Special Coverage

Distributed Propulsion Concepts and Superparamagnetic Energy Harvesting Hummingbird Engine
Wet Active Chevron Nozzle for Controllable Jet Noise Reduction
Magnetic Relief Valve
Locking Mechanism for a Flexible Composite Hinge
Active Aircraft Pylon Noise Control System
Unmanned Aerial Systems Traffic Management
Method of Bonding Dissimilar Materials
Sonar Inspection Robot System

Novel Computer Chips Could Bridge Gap Between Computation and Storage

Software written by Jing Li, right, and her students — including Jialiang Zhang, left —allows programmers to directly use existing coding languages with the new Liquid Silicon chips. (Credit: Stephanie Precourt/UW–Madison College of Engineering) Computer chips in development at the University of Wisconsin–Madison could make future computers more efficient and powerful by combining tasks usually kept separate by design. Jing Li, an assistant professor of electrical and computer engineering at UW–Madison, is creating computer chips that can be configured to perform complex calculations and store massive amounts of information within the same integrated unit — and communicate efficiently with other chips. She calls them “liquid silicon.”

Posted in: News, Computers, Electronic Components, Electronics, Semiconductors & ICs


Supersonic Spray Yields New Nanomaterial for Bendable, Wearable Electronics

Left, photograph of a large-scale silver nanowire-coated flexible film. Right, silver nanowire particles viewed under the microscope. (Credit: S.K. Yoon, Korea University) A new, ultrathin film that is both transparent and highly conductive to electric current has been produced by a cheap and simple method devised by an international team of nanomaterials researchers from the University of Illinois at Chicago and Korea University. The film is also bendable and stretchable, offering potential applications in roll-up touchscreen displays, wearable electronics, flexible solar cells and electronic skin.

Posted in: News, Electronics, Electronics & Computers, Materials, Sensors, Transducers


Will we be a “multi-planetary” species?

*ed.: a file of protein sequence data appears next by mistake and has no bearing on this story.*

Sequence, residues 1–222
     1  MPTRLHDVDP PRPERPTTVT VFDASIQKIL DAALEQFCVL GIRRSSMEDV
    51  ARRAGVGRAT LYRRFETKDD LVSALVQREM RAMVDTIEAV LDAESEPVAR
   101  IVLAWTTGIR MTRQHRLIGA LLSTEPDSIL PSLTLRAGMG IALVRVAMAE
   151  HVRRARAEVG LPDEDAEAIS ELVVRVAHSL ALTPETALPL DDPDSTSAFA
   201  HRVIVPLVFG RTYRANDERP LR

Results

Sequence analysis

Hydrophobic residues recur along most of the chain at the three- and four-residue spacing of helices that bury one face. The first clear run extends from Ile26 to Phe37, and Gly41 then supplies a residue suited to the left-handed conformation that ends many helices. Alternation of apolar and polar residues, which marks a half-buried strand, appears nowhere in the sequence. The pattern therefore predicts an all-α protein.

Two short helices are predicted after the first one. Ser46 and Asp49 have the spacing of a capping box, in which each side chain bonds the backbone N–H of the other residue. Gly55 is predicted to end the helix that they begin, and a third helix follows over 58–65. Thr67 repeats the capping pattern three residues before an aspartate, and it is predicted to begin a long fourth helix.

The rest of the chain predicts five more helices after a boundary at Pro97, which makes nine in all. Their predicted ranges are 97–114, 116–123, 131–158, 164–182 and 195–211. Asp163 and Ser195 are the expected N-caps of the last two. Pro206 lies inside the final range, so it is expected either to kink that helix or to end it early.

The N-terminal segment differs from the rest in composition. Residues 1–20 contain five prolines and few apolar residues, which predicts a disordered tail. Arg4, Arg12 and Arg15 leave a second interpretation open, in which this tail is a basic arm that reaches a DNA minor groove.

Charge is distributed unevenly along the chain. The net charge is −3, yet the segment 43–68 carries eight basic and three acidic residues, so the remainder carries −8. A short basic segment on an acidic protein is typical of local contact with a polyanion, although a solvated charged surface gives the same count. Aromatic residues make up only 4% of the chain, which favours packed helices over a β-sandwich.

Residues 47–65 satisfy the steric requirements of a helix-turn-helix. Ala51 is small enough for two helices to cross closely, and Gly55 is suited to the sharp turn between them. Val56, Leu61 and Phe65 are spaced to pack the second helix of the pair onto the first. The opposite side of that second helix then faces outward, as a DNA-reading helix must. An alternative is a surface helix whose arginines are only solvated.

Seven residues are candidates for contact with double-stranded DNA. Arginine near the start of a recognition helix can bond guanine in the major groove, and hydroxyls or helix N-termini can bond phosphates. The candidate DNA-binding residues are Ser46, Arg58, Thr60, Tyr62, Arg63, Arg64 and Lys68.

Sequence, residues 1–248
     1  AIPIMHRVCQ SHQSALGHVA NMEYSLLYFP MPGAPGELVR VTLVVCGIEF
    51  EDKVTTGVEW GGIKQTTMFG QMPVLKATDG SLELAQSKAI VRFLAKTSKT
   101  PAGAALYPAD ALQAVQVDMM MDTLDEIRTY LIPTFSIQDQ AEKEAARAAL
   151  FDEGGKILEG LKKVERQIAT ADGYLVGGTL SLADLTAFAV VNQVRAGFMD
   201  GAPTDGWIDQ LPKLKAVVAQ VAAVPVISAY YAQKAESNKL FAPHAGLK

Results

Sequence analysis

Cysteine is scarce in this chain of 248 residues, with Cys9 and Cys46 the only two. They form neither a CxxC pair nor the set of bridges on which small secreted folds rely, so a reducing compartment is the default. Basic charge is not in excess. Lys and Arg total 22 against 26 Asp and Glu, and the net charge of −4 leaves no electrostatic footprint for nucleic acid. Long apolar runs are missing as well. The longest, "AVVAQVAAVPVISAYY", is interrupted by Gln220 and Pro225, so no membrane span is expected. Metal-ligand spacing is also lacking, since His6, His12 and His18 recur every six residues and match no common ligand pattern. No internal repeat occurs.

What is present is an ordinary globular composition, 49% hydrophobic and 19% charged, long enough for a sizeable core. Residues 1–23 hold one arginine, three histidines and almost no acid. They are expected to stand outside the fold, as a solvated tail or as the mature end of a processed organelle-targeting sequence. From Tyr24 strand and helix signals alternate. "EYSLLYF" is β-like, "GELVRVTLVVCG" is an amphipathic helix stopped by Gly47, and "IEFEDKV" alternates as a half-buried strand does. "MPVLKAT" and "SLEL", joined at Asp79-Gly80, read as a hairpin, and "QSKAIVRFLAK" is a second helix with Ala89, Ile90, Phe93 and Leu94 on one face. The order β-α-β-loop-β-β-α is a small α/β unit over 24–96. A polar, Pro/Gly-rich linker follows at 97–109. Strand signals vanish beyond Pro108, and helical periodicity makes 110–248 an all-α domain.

This week's Question: In recent years, hundreds of millions of dollars have been invested into space ventures. SpaceX, an advanced spacecraft manufacturer founded by Elon Musk, has completed more than 30 successful launches since 2006, delivered cargo to the International Space Station, and secured contracts with NASA and other clients. Musk envisions the colonization of Mars as soon as 2022. In September, speaking to the International Astronautical Congress in Mexico, Musk described a 400-foot-tall rocket that would send 100 colonist-passengers at a time to Mars over a period of decades.“One [path] is that we stay on Earth forever and then there will be an inevitable extinction event,” Musk said. “The alternative is to become a spacefaring civilization, and a multi-planetary species.”What do you think? Will we be a “multi-planetary” species?

Posted in: Question of the Week, Aeronautics


dB or not dB? Everything you ever wanted to know about decibels but were afraid to ask...

True or false: 30 dBm + 30 dBm = 60 dBm? Why does 1% work out to be -40 dB one time but then 0.1 dB or 0.05 dB the next time? These questions sometimes leave even experienced engineers scratching their heads. Decibels are found everywhere, including power levels, voltages, reflection coefficients, noise figures, field strengths and more. What is a decibel and how should we use it in our calculations? This Application Note is intended as a refresher on the subject of decibels.

Posted in: White Papers, White Papers, Aeronautics, Defense, RF & Microwave Electronics


How to Make Low Flow Measurements Using Turbine Flow Meters

Accurate low flow measurement represents significant challenges in many applications. Some typical low flow applications in the aerospace market include: small UAV fuel consumption, satellite thruster fuel consumption, and fuel/chemical/water injection. The low dynamic energy associated with flow rates down to 0.001 GPM exceed the capabilities of most mechanical flow meters and force the use of less accurate flow meter technologies.

Posted in: White Papers, Instrumentation, Mechanical Components, Data Acquisition, Sensors


Machine-Learning System Recognizes Sounds from Video

A machine learning system from the Massachusetts Institute of Technology (MIT) recognizes sounds by watching video. The neural network interprets natural sounds in terms of image categories, without hand-annotated training data.

Posted in: News, Machinery & Automation


DIGITAL PATHOLOGY: A Primer for Microscope Camera Selection

Most pathologists today use digital systems within their practices and research projects to communicate, store data, and analyze images. Whether it’s within clinical, forensic, surgical, or other branches of pathology, communication and consultation among specialists is greatly improved by the use of digital systems and enables faster diagnosis for patients.

Posted in: White Papers, Imaging, Medical, Optics, Photonics


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